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Facebook has recently updated their security settings. In this How-to we highlight some of the updates and the security nuances to help you stay on top of your account security settings. Paul Laudanski blogged about the subject awhile back, if you want to reference that security primer.
When you login to your account, you may now be greeted by an offer to take a tour of the new features, so let's get started:
The first option is to tag who I happen to be with, in this way you can share with friends on Facebook what you’re up to at the time, and what friends or colleagues you may have with you.
This is handy to make your profile more relevant, it’s also a perfect profiling tool for scammers, identify thieves and other targeted attacks like spearphishing. If a scammer, for example, sees you spending much more time with certain individuals on your friend list, an increased weight can be assigned, signifying importance, of this contact. They say you’ll become like an average of your five closest friends within five years (test that in your own life), this means the algorithms can start to predict with increasing accuracy what that picture will look like. This creates a weighted profile of yourself, so scammers will know much more accurately how to target you. It’s true that’s you’re known by the company you keep – now it’s more true than ever.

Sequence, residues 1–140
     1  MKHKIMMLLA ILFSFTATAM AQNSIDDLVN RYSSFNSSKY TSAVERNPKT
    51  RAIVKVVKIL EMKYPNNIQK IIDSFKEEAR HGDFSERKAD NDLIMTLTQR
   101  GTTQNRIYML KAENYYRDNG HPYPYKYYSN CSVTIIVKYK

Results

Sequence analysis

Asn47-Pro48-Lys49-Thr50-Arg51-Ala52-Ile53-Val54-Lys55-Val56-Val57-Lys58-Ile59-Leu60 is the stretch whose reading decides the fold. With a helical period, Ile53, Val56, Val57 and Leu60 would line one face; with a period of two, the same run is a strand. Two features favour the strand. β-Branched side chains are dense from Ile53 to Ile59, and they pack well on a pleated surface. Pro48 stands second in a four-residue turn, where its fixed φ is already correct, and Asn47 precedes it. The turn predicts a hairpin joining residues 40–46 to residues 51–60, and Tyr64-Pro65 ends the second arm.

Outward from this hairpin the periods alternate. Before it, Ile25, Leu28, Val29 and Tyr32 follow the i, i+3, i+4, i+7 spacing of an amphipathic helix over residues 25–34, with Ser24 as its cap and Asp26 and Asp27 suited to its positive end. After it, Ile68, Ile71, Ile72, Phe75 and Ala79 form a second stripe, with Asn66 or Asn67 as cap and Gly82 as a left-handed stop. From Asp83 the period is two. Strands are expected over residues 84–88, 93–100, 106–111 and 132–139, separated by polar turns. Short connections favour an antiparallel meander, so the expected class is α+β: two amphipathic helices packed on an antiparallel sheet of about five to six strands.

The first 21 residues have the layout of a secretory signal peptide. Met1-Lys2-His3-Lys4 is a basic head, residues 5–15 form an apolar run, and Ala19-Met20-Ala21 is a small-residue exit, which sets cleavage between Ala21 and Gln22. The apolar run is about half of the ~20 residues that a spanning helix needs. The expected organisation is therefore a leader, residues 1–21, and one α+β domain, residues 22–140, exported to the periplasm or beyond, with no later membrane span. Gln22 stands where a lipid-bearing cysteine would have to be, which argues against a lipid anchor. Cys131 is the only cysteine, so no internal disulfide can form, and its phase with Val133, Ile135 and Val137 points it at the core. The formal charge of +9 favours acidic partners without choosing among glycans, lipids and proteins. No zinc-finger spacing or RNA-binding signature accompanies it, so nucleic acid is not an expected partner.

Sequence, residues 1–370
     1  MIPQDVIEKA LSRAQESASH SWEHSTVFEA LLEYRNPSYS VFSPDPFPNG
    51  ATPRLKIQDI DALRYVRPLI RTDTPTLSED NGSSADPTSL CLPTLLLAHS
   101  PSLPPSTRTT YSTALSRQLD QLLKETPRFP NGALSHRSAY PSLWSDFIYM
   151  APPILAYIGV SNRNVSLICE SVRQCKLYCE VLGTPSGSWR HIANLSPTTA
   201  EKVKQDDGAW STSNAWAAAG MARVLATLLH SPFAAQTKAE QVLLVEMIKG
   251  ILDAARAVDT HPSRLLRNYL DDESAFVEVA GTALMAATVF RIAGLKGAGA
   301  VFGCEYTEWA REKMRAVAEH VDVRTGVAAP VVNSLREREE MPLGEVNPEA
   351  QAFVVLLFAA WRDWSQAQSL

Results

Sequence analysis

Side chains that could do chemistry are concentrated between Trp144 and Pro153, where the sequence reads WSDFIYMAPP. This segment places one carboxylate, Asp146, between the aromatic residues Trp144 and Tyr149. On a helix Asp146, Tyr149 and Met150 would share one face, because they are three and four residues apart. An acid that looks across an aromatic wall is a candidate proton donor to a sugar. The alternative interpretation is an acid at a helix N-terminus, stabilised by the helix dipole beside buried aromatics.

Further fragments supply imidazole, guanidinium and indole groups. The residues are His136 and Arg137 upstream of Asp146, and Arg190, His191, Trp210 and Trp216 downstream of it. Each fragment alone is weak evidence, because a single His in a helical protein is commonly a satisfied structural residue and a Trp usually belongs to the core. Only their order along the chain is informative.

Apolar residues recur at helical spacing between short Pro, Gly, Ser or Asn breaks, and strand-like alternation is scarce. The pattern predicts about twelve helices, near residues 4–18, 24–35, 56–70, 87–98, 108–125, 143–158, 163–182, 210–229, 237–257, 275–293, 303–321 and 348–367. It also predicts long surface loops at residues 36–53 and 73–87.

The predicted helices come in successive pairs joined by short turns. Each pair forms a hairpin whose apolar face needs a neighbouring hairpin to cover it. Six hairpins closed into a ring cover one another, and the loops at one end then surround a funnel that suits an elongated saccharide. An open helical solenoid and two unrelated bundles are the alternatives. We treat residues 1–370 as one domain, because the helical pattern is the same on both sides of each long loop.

I opted out of the feature, not just because I have no friends, or ones that want to be seen with me. I think my friends deserve not to be snooped on by scammers, and if scammers know they’re with me at the time, there’s a lot that can be inferred about their preferences from that information, not just what bad restaurant we’ve chosen. The scammers would, for example, know that they aren’t likely at home, and so physical property scams would be more likely at the friend’s house, all without their knowledge. That can’t be what friends are for.
Here you can opt to display where you are located when you update your status:
Notice the “Add Location” was checked by default. It seems like a handy feature, after all, you can keep up with your friends a little better this way, and they can keep up with you, find out where you are, what you’re doing etc. Keep in mind, a scammer might want to know the same things. If you took a picture of the beach two minutes ago, and you live hundreds of miles from any beach, it’s safe to say you’re not home. This type of information opens the door to physical threats against your home, after all, you won’t be home within a couple hours at least.
I clicked “Don’t Add Location”, I’ll just have to let my friends know where I am the old fashioned way – call them.
Here you can determine the audience for your status updates:
You have these choices:
It’s nice that they mention Public vs. Everyone. Public has a way of letting you know that pretty much anyone can see content that’s Public, not just Everyone who’s your friend. To quote Facebook, “The setting still means the anyone on the internet can view this content, and any of your past Everyone posts are still visible to the same audience.” Facebook calls this the “inline audience selector.”